To Drive Culture Change, Balance Shared Vision with Autonomous Execution

To Drive Culture Change, Balance Shared Vision with Autonomous Execution

Researchers at Stanford University and the University of California–Berkeley found in a recent study that companies can increase their profitability and innovation outcomes by creating a workplace that balances cultural agreement and diversity in the company culture. The researchers used text analytics to analyze cultural differences based on Glassdoor employee reviews, then measured these differences against business outcomes. In their analysis, they identified two distinct forces at work:

  1. Compositional Diversity: When employees disagree with each other what makes up a company’s culture.
  2. Content-Based Diversity: When company culture is made up of a diverse set of topics, which may sometimes conflict with one another.

After considering how compositional and content-based diversity impact organizations’ business outcomes, the researchers found that organizations with higher levels of compositional diversity are associated with negative business outcomes, while organizations with higher levels of content-based diversity are associated with positive business outcomes. From what we uncovered at CEB, now Gartner, in our latest research on organizational culture, both of these findings make perfect sense.

Aligning the workforce to a common vision of culture drives business performance…

Our research finds that organizations have better business and talent outcomes when they have a high level of what we call Workforce-Culture Alignment or WCA for short. Organizations with high WCA have a common set of core cultural expectations that are consistent across the enterprise, ensuring a lower level of what the Stanford-UCB scholars refer to as compositional diversity. Congruent with the findings from their study, we find that without a shared understanding of the desired culture, it is impossible for the workforce to engage in a concerted effort to put that culture into practice. When WCA is low, progress toward the desired culture is slowed and both business and talent outcomes suffer as a result.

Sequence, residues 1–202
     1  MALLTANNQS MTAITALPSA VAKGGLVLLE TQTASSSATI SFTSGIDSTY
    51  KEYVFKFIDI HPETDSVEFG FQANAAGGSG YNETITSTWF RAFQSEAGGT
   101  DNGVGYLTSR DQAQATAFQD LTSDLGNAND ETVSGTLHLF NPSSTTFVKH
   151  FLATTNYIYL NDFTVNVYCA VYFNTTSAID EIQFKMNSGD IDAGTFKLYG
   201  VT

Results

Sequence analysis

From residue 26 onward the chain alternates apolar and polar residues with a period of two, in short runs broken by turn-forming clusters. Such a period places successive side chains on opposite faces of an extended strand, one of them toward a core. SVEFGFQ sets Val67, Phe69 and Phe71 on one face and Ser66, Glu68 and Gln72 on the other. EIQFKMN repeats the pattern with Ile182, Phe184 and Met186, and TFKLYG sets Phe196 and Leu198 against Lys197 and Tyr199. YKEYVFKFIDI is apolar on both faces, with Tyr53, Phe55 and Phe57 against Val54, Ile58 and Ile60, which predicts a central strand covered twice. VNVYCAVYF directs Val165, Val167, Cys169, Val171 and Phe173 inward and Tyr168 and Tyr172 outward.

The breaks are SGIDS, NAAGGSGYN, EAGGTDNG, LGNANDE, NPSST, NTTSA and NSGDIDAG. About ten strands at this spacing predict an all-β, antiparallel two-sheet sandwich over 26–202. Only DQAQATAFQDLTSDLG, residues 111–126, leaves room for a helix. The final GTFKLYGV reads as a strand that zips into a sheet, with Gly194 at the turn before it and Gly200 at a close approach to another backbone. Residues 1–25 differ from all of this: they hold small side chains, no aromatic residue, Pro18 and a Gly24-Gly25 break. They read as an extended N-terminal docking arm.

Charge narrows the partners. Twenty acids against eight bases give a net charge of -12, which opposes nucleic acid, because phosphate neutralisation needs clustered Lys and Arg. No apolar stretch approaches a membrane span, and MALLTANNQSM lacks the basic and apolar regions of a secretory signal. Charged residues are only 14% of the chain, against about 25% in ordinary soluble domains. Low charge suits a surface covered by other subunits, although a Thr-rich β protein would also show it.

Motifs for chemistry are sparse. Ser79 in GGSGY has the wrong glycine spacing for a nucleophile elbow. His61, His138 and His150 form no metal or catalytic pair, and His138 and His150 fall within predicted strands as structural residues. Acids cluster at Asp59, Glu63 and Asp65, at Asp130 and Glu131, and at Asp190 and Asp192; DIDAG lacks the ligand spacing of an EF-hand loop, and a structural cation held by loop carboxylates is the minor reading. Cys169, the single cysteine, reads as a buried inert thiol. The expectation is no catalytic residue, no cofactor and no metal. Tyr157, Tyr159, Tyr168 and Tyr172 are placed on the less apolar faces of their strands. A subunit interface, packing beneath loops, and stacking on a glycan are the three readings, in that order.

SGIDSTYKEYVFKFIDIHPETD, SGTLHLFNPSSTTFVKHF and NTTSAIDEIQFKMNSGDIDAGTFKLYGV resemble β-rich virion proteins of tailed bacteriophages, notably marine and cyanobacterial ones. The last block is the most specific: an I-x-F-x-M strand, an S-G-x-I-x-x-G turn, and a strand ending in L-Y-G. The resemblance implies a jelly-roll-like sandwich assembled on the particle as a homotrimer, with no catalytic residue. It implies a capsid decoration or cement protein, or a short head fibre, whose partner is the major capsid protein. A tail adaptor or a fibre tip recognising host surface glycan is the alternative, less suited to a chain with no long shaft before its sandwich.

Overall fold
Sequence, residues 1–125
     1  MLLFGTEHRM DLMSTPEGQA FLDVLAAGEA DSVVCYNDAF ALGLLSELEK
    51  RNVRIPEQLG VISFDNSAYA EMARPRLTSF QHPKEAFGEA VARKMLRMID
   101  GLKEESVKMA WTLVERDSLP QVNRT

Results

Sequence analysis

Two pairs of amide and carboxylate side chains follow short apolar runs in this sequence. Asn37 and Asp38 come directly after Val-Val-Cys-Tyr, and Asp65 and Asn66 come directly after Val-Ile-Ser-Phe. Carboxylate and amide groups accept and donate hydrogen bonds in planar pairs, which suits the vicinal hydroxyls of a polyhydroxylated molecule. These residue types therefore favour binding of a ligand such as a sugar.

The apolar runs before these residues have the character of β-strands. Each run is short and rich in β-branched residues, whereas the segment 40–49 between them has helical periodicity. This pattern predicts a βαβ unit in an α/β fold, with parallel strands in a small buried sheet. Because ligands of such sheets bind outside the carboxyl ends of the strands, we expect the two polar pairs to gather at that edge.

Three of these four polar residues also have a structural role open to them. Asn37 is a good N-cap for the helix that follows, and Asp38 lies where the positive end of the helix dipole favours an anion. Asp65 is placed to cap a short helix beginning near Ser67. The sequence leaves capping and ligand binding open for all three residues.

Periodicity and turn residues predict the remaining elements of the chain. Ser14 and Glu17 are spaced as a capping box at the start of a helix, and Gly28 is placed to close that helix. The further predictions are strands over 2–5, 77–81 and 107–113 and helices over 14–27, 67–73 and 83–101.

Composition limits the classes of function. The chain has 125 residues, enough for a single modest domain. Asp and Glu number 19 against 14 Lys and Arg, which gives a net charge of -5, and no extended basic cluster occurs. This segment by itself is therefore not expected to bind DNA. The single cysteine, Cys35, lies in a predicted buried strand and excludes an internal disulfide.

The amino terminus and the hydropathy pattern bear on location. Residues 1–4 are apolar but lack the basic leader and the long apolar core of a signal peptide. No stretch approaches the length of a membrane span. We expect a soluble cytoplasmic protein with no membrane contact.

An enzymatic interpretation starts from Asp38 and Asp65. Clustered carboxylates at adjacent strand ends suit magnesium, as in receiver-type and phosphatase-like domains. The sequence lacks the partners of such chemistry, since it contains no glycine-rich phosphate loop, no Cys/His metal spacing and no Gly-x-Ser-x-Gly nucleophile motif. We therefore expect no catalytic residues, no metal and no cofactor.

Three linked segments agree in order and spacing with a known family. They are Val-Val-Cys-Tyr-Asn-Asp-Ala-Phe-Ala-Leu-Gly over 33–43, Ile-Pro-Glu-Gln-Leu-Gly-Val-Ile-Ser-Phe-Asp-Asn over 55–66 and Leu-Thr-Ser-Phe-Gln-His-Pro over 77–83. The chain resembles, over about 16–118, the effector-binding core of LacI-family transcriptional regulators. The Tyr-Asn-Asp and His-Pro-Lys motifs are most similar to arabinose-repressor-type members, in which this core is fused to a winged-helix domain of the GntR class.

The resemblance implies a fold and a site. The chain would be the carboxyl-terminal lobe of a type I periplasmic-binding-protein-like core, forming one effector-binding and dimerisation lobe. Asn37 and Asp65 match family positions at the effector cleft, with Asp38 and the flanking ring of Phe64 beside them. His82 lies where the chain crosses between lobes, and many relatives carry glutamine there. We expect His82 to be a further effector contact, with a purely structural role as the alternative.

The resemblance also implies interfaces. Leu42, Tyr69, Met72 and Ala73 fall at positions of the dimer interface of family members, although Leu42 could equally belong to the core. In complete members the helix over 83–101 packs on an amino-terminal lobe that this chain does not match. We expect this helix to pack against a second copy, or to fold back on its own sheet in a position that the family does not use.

…as does empowering employees to translate the culture independently.

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Snapchat Recruiting Isn’t a Magic Bullet for Millennial Engagement

Snapchat Recruiting Isn’t a Magic Bullet for Millennial Engagement

We’ve heard of McDonald’s using Snapchat to target its recruiting efforts at young people, but other employers are turning to the youth-focused platform to recruit millennials and members of generation Z as well, including some major investment banks. Ellen Chang at The Street recently highlighted Morgan Stanley’s new Snapchat-based campus recruiting initiative:

Morgan Stanley launched its campaign with Snapchat earlier in 2016 in an effort to attract college students, and geofilters were created this summer for its analysts and associates. “We have to be where the students are,” said Lisa Manganello, head of integrated brand marketing at Morgan Stanley. “We want to build on the momentum and leverage and it fits naturally with student behaviors.” …

The bank could expand the geofilters to include other colleges across the U.S. if this initial program is successful to help them garner a broader and more diverse group of future investment bankers, Manganello said.

Other banks like JPMorgan Chase and Goldman Sachs have experimented with advertising jobs on Snapchat as well. ERE‘s recruiting tech blogger Joel Cheesman thinks it’s a great idea:

Highbrow companies who dismiss Snapchat as a medium for greasy burgers and salty fries should now take notice. Snapchat is making strides to becoming a legitimate advertising platform. Need more proof? In addition to Morgan Stanley, JPMorgan actually started testing Snapchat as a recruiting tool last year.

The argument for using Snapchat as a platform for recruiting appears to hinge on the concept of meeting that their target audience in the digital space where they already are. I’m skeptical of the hype about these efforts to raise brand awareness, however, mainly because if big investment banks like Morgan Stanley are no longer competing just with each other for top talent, but with tech companies and startups as well, there is little evidence that simply being in the same digital space as their target audience has much impact on attracting talent or raising the quality of their applicant pool.

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